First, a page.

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Supreme Court sides with Biden administration in social media case

The Supreme Court on Wednesday rejected challenges to Biden administration officials’ communications with social media companies aimed at combating misinformation online.

The 6-3 decision does not address the First Amendment issues at the center of the cases and instead denies the challenge filed by two Republican attorneys general and private parties by finding they didn’t have legal standing to bring it.

“The plaintiffs, without any concrete link between their injuries and the defendants’ conduct, ask us to conduct a review of the years-long communications between dozens of federal officials, across different agencies, with different social-media platforms, about different conduct,” Justice Amy Coney Barrett wrote for the majority. “This Court’s standing doctrine prevents us from ‘exercising such general legal oversight’ of other branches of Government.”

In his dissenting opinion, conservative Justice Samuel Alito scolded his fellow justices for failing to decide the issue based on its First Amendment implications.

“The Court, however, shirks that duty and thus permits the successful campaign of coercion in this case to stand as an attractive model for future officials who want to control what the people say, hear, and think,” Alito wrote. “That is regrettable.”

Barrett contended that that social media platforms have, “for years,” targeted false and misleading speech, pointing to false claims about elections being debunked as early as 2016 and public health falsities since 2018 — long before the COVID-19 pandemic or 2020 presidential election misinformation picked up in the United States. 

Alito zeroed in on the pandemic as a matter of “enormous medical, social, political, geopolitical and economic importance,” suggesting that the “free marketplace of ideas” was hindered by the social media companies’ moderation decisions. 

“I assume a fair portion of what social media users had to say about COVID-19 and the pandemic was of little lasting value. Some was undoubtedly untrue or misleading, and some may have been downright dangerous. But we now know that valuable speech was also suppressed,” he argued. “That is what inevitably happens when entry to the marketplace of ideas is restricted.”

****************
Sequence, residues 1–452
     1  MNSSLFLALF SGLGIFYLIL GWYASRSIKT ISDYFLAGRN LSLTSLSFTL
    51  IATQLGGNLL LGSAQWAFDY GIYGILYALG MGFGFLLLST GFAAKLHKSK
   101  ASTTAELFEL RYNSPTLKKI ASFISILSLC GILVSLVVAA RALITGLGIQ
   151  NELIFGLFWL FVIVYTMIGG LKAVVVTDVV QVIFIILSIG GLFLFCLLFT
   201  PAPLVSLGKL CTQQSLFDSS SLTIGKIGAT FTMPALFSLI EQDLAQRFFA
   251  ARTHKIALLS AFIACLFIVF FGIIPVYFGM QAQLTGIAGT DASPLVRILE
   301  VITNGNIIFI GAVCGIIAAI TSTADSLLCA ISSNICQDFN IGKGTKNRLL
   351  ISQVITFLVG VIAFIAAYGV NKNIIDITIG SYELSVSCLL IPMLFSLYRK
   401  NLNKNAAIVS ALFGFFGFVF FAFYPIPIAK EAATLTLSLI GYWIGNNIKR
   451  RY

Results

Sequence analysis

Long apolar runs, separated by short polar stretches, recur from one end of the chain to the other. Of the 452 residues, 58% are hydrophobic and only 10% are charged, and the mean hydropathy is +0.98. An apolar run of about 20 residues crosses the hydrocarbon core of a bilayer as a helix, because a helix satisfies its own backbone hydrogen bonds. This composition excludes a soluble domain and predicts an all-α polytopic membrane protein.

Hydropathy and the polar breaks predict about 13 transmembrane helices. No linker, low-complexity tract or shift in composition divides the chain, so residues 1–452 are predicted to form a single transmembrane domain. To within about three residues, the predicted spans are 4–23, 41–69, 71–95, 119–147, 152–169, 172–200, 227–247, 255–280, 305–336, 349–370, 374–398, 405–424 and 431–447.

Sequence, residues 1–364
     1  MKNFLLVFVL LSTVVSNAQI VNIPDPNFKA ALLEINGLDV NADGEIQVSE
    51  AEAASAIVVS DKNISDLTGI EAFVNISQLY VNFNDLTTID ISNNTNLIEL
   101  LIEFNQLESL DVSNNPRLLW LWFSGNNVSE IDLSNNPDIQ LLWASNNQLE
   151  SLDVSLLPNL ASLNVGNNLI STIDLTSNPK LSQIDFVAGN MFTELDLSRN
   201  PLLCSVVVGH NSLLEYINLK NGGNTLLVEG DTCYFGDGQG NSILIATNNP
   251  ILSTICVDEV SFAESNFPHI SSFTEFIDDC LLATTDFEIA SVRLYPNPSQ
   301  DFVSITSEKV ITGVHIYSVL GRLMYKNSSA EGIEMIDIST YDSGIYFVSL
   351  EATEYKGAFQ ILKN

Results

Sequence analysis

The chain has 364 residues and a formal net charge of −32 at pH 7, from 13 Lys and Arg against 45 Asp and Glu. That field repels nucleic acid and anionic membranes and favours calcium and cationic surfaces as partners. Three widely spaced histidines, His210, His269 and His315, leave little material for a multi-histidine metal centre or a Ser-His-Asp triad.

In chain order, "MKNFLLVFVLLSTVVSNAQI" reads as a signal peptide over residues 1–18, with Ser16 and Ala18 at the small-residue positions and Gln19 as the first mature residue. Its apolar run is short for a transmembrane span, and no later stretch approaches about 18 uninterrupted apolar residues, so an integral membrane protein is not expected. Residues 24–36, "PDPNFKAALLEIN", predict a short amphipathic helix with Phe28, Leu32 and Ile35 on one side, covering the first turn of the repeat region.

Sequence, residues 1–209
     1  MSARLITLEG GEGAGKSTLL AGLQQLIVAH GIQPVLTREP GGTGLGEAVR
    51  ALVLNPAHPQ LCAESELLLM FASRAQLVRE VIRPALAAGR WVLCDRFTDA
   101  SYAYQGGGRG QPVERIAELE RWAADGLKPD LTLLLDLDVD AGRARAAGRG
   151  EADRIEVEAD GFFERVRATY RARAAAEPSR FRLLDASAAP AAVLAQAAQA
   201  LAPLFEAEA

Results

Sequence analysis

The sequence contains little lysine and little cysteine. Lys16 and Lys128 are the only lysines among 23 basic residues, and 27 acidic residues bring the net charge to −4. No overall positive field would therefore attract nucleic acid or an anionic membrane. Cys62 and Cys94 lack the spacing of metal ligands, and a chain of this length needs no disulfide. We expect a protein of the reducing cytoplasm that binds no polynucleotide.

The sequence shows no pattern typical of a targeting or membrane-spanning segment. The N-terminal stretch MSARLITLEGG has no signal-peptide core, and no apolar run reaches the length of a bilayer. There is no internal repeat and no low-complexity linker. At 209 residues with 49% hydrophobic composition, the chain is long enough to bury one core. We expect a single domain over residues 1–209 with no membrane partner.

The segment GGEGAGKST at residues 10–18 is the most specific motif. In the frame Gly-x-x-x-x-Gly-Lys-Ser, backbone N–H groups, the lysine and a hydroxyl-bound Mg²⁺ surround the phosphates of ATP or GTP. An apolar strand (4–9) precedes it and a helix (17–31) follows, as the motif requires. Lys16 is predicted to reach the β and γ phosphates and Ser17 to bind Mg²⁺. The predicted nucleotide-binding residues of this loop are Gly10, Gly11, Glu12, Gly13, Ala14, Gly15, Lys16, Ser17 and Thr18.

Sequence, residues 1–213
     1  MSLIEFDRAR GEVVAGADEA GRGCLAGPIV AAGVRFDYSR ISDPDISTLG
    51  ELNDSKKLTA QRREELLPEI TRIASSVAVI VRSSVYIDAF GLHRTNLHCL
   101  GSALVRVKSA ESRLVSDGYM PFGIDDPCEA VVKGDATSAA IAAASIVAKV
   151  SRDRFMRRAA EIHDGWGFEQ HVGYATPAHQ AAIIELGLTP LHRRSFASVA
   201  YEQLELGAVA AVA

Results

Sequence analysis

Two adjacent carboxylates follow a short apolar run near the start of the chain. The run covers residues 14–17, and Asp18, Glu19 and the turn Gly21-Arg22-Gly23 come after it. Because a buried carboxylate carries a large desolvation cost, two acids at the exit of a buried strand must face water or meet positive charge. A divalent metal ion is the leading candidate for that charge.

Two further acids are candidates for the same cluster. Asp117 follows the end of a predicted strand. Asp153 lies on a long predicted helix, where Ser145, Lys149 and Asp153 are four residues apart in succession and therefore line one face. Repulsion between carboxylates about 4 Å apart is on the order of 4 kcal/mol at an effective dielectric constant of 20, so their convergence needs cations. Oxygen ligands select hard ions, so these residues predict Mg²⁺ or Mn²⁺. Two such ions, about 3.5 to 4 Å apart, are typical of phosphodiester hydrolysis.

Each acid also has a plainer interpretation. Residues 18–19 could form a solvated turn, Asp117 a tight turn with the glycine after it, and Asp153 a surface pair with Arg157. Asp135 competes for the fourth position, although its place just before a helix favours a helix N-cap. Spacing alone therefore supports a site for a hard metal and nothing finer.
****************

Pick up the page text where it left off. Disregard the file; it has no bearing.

But when the plaintiffs faced speech restrictions, they frequently spanned platforms, topics and timeframes, Barrett wrote. When those restrictions did line up, they also aligned with “independent incentives to moderate content,” she said. 

“As discussed, the platforms began to suppress the plaintiffs’ COVID-19 content before the defendants’ challenged communications started, which complicates the plaintiffs’ effort to demonstrate that each platform acted due to ‘government-coerced enforcement’ of its policies,’ rather than its own judgment as an ‘independent actor,’” Barrett wrote. 

The attorneys general and private parties accused the government of having “coordinated and colluded” with social media platforms to target conservative users and viewpoints.

The decision deals a blow to efforts to curb the government’s role in social media companies’ moderation of content spreading false or misleading information online. Attempts to police controversial posts about the legitimacy of the 2020 election and COVID-19 — which the attorneys general called a “campaign of censorship — were at the heart of the case.

Barrett said that the attorneys general and private parties relied on allegations of past government censorship to prove that future censorship is imminent, but they failed to make their case. 

“They fail, by and large, to link their past social-media restrictions to the defendants’ communications with the platforms,” she wrote for the majority. “Thus, the events of the past do little to help any of the plaintiffs establish standing to seek an injunction to prevent future harms.” 

The 5th U.S. Circuit Court of Appeals previously found that the White House, FBI, Centers for Disease Control (CDC) and Prevention and the Cybersecurity and Infrastructure Security Agency (CISA) did cross the line into coercion.

Louisiana Solicitor General Benjamin Aguiñaga, who argued on behalf of the states in March, asserted that, in most circumstances, the government should not ask platforms to remove any content at all. Several justices pushed back against the sweeping contention, suggesting that the government’s responsibility to protect its citizens could sometimes outweigh their First Amendment rights.

The Justice Department argued that blocking communication between federal officials and social media companies could limit the government’s ability to address matters of public concern, prevent national security threats and relay information.

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